It’s time for you to check into Chelsea General Hospital. TNT has found another winner with Monday Mornings, the freshman medical drama from uber-producer David E. Kelley and CNN’s Dr. Sanjay Gupta. It’s the best of its kind since the glory days of ER and Kelley’s own Chicago Hope. Here are seven reasons why you should add Monday Mornings to your Fanhattan Watchlist as this phenomenal series heads toward its season finale on April 8th.
1. The professional pedigree.
Besides Chicago Hope, Kelley is one of TV’s most prolific showrunners, having masterminded Ally McBeal, Boston Legal, Boston Public, Harry’s Law, Picket Fences and The Practice, just to name a few of his credits. His frequent collaborator is Monday Mornings producer-director Bill D’Elia, a multiple Emmy nominee who’s helmed episodes of Law & Order and Northern Exposure (and is already working with Kelley again on the CBS comedy pilot The Crazy Ones, starring Robin Williams, James Wolk and Sarah Michelle Gellar). Gupta is CNN’s Chief Medical Correspondent and was once considered for the post of U.S. Surgeon General. For a medical TV show, you couldn’t create a better team.
2. The show has landed some big-name talent.
Monday Mornings is anchored by two major actors: Alfred Molina (An Education, Frida) and Ving Rhames (Pulp Fiction, the Mission: Impossible films). Molina’s Dr. Harding Hooten speaks softly but carries a big stick, able to comfort a patient’s family in one scene and terminate a doctor’s career in the next without seeming bothered at all. As Dr. Jorge Villanueva, Rhames is obviously an imposing presence, but “El Gato” also has tremendous passion and even moments of vulnerability. These two are giving their best TV performances to date, and possibly among the best they’ve ever given.
3. It has one of the finest ensembles on television.
Aside from Molina and Rhames, the other actors on Monday Mornings may not be household names, but they deserve to be. Jamie Bamber (Battlestar Galactica, Law & Order: UK) is one of the most outstanding actors working on the small screen, and elevates any scene that he’s in. It’s truly dumbfounding that he hasn’t received more notice. The women in the cast – three-time Daytime Emmy winner Jennifer Finnegan, Sarayu Rao and Emily Swallow – are all solid actresses. Veteran actor Bill Irwin (CSI: Crime Scene Investigation) fills an antagonistic role so well. The most pleasant surprise, however, has been Glee‘s Keong Sim as Dr. Sung Park, who lacks any sort of bedside manner but, underneath that, has a depth of character that’s been a joy to watch unfold.
4. There are also great guest stars.
So far, Monday Mornings has landed the legendary Hal Holbrook (in “The Legend and the Fall”) and Ringer star Ioan Gruffudd (in “Truth or Consequences”). Recurring roles have been filled with the likes of the underrated Jason Gray-Stanford (Monk), Jonathan Silverman, and Anthony Heald. It’s always interesting to see who walks through the doors of Chelsea General.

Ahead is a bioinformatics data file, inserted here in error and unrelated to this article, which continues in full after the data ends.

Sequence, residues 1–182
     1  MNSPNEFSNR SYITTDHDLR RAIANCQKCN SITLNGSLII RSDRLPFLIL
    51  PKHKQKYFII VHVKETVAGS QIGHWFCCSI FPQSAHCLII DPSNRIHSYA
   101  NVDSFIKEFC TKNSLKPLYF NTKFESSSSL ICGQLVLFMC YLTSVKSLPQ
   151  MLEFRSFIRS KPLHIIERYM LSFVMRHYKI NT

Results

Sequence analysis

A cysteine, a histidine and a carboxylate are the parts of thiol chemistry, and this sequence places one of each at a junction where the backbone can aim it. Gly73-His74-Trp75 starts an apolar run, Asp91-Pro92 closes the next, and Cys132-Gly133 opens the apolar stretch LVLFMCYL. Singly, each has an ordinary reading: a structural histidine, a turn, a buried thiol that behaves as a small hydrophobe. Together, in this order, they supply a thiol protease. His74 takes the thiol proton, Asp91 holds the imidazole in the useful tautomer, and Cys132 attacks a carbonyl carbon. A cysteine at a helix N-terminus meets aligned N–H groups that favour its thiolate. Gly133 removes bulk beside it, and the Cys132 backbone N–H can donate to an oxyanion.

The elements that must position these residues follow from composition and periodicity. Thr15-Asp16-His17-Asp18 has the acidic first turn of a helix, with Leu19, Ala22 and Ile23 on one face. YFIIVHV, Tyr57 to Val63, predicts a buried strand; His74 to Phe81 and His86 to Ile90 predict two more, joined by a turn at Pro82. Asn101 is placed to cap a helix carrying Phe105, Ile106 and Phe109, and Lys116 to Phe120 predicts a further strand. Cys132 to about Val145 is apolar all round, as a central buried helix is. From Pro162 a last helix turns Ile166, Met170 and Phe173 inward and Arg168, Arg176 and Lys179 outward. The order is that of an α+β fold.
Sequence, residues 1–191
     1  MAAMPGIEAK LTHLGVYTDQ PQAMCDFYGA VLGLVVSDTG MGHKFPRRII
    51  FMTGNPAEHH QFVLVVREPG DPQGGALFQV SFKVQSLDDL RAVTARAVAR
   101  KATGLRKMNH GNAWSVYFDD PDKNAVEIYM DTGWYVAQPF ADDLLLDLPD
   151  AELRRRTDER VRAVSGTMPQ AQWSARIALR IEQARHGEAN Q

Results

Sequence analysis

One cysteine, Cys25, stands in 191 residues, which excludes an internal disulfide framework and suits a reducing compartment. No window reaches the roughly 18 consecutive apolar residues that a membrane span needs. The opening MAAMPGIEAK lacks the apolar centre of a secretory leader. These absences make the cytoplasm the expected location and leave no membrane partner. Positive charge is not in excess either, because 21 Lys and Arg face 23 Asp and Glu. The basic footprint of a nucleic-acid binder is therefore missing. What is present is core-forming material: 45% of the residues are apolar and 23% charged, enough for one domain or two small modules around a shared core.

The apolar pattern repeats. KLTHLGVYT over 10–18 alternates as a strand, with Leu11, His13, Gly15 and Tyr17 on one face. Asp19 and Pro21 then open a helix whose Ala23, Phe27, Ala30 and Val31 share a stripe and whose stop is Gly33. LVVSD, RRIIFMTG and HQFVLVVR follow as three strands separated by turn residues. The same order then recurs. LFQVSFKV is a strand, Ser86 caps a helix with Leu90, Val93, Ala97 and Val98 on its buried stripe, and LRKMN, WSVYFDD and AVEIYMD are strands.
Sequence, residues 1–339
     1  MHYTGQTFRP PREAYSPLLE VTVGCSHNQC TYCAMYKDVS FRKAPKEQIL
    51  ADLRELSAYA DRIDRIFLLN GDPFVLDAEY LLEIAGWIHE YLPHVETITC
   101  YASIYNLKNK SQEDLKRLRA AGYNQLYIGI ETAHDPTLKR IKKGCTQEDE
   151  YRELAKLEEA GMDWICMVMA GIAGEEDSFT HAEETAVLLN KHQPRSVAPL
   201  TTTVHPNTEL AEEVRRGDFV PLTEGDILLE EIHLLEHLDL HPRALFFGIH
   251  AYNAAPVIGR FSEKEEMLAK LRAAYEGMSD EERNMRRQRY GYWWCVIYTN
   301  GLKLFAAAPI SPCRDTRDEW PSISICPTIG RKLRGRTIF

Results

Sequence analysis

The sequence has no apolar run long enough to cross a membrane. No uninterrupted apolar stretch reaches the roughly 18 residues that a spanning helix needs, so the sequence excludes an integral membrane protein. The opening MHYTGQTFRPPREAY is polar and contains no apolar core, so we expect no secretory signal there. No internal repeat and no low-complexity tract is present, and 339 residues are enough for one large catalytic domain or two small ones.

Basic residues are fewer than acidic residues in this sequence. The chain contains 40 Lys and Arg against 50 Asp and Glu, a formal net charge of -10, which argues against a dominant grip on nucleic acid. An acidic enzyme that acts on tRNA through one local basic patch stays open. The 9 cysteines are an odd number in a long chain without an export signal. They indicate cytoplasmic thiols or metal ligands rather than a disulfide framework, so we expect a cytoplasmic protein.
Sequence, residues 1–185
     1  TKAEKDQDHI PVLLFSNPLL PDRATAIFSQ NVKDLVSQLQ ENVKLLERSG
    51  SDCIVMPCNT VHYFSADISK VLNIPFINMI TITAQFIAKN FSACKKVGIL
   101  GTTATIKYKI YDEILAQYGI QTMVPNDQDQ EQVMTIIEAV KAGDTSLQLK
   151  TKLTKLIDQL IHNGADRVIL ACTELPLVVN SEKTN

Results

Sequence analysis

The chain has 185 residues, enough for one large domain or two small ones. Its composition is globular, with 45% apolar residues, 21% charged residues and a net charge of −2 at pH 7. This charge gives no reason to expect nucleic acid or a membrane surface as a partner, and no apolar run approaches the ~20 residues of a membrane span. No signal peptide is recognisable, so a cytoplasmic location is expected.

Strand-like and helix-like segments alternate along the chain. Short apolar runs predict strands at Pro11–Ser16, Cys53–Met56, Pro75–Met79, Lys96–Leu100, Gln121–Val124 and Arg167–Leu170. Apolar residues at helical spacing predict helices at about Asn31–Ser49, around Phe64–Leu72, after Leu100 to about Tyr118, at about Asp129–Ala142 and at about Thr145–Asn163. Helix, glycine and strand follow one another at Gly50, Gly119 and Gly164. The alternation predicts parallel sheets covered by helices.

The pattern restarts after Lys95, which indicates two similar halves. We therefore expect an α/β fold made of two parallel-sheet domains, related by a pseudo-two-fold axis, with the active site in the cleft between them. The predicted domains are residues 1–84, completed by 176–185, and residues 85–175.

5. It’s a medical drama about medicine.
The hospital isn’t just a setting for whatever interpersonal drama is happening each week. These characters are doctors first, and while their interactions with each other are still important, the emphasis in Monday Mornings is on the procedures they perform and the consequences they must deal with. A good 75 to 8o percent of each episode is either in a hospital room, an operating room or one of the dreaded “morbidity and mortality” conferences in which the doctors are held to answer for their choices. It’s exactly as advertised.
6. It proves television continuity is not a lost cause.
While many shows wrap things up neatly at the end of every hour, Monday Mornings has truly impressive continuity, and not just making an off-hand reference to something that happened last week. Doctors have referenced previous patients they’ve treated, fallout from decisions has spread over more than one episode, and characters are affected by things that have happened before. You don’t have to have seen every episode of Monday Mornings to enjoy it, but the attention to detail creates a much more full world than your average TV show, one in which you know something you’re watching now doesn’t cease to matter when the credits roll.
7. It will challenge your mind and break your heart.
The best TV shows are the ones that are something more than TV shows. They’re the series that we get passionate about, are affected by, think about when they’re not on. Monday Mornings is one of those shows. Listen to the conversation in one of the show’s “M&M” conferences and you’ll end up thinking about some tough stuff – not just whether a patient survived, but even if the patient lived, did the doctor still do everything right? Is there something they could have done better? What does a choice say about them as a person? The show really invites you to put yourself in the characters’ positions and ask what you would do if faced with their medical, moral and legal dilemmas. It’s also a series that’s compelling emotionally, whether it’s cheering a good outcome or being shocked by a fatal mistake. With Monday Mornings, you can’t just sit back and watch – you’ll end up involved with the story.
If you haven’t yet visited Chelsea General, you can catch up on all the episodes of Monday Mornings with Fanhattan. Click here to watch now or to add the show to your Fanhattan Watchlist. Monday Mornings is airs Mondays at 10 PM ET/PT on TNT, with the season finale airing next Monday, April 8th.